What is the Situation with COVID-19 in the Balkans
Over the past week, some Balkan countries have seen some improvement in epidemiological indicators, while others have tightened restrictive measures against unvaccinated people in an attempt to avoid a worsening of the situation ahead of the upcoming Christmas and New Year holidays.
GREECE has introduced new restrictive measures since the beginning of this week, according to which unvaccinated people do not have access to restaurants, theaters, museums, cinemas and gyms, even with a negative test, as has been the case so far. The measures also affect children between the ages of 4 and 17, who can visit a number of closed rooms in the presence of an adult and present a negative home test taken in the last 24 hours. Access to pharmacies and public transport remains free. In the grocery stores a pass regime is provided in accordance with the square footage of the retail outlets. A floating start of the working day in the private and public sectors is also introduced in order to avoid congestion in public transport. There is also a change in the number of visits to church temples, where a negative test is already required.
At the same time, there is a serious interest in the vaccination campaign. More than 70,000 vaccinations are given every day. Since the last month, 444 thousand people have booked an appointment for the first dose of the vaccine against COVID-19. The interest in the third dose is even greater - more than 1.2 million people have asked for it, said the Minister of Digital Administration Kyriakos Pierakakis. About 61 percent of the country's population is fully vaccinated.
The number of newly infected in the country remains high. In the last 24 hours, 6565 new cases of coronavirus infection were registered and 78 people died. There are 621 patients on respirators. In the last two weeks, the number of patients in the country's intensive care units has increased by 25 percent, local media reported.
Doctors warn that hospitals in northern Greece are overcrowded. The country's private hospitals have declared readiness to co-operate in emergency operations as public health facilities are overcrowded with patients with COVID-19. Due to the expansion of the pandemic, the planned operations have been postponed, but the Ministry of Health emphasizes that emergencies will be taken over. A decree was issued last week to mobilize private doctors practicing in northern Greece to help their colleagues at state hospitals.
Authorities in TURKEY do not plan to impose a new lockdown, assured Turkish Health Minister Fahrettin Koca, who stressed the importance of vaccination. About 120 million doses of the vaccine have been given in the country, with 50.2 million people or 59.5 percent of the population fully vaccinated and a third booster dose given to more than 13 million people.
At the same time, the Minister of Health announced that the inactive vaccine developed in Turkey against COVID-19 "Turkovak" has applied for urgent approval by the Turkish Medicines Agency and its implementation is expected to start by the end of this year. The vaccines of Sinovac, Sputnik V and Pfizer are currently being administered in the country.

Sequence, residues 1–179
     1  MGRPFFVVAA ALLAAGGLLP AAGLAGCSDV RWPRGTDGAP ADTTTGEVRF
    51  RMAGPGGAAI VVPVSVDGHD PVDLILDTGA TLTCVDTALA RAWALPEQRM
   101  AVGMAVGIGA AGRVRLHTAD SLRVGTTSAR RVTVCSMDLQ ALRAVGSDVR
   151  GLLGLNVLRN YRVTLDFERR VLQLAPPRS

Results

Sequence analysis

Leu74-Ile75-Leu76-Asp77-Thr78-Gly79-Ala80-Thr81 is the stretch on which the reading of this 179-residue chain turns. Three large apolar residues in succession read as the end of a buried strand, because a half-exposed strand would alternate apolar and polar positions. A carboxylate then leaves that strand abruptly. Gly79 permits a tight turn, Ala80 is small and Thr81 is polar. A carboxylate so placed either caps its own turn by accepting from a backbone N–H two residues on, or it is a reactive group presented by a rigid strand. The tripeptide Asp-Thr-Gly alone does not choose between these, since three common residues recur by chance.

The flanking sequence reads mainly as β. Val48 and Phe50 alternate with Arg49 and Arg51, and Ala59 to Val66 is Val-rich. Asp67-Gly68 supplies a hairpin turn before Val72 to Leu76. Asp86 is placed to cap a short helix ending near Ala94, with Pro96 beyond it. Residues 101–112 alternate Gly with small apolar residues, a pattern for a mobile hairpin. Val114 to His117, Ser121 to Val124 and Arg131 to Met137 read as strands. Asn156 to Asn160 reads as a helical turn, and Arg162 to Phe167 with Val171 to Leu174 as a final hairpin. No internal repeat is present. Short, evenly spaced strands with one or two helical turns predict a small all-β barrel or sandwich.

Fahrettin Koca also announced that the Turkish health authorities plan to introduce a new treatment against COVID-19, and it is planned to add another drug to the medical catalog and start its production in Turkey.
Turkey registered 27,592 new cases of coronavirus infection and 175 deaths on Wednesday. About 8.65 million people have been infected and 75,618 have died since the pandemic began.
ROMANIA reports an improvement in the epidemiological situation, with more and more counties moving to a "green scenario" with a 14-day morbidity rate below 2 per 1,000 inhabitants. The capital, Bucharest, moved from a "red" to a "yellow scenario" this week, with the incidence falling to 2.67 cases per 1,000 inhabitants yesterday. In the "red scenario" with a morbidity of more than 3 per 1000 inhabitants, nine counties remain.
The number of newly infected people in the past 24 hours is 2104. The authorities also reported 212 deaths, of which 35 from the previous period. There are 1341 patients with COVID-19 in intensive care units.
However, health experts have warned that the authorities should not rush to loosen the measures, as the Delta Plus variant is already spreading in the country. The strain was identified in 20 percent of sequenced samples last week and is thought to be the cause of a fifth wave of the pandemic, according to epidemiologist Octavian Jurma.
Since the start of the vaccination campaign, 14.65 million doses of vaccine have been delivered in the country, and more than 7.3 million Romanians have completed a vaccination schedule. More than 1.44 million people have also received a booster dose.
The Institute of Public Health of the REPUBLIC OF NORTH MACEDONIA announced in its weekly report on the epidemiological situation that the number of newly infected with COVID-19 has decreased by 8.9 percent compared to the previous week.
From 15 to 21 November, 2929 people fell ill with COVID-19, which is 288 less than in the period between 8 and 14 November. The percentage of positives ranges from 11.6 to 16.9 percent, and the average is 14.8 percent.
91 deaths were registered, most in the age group over 60 years. 2855 people were healed.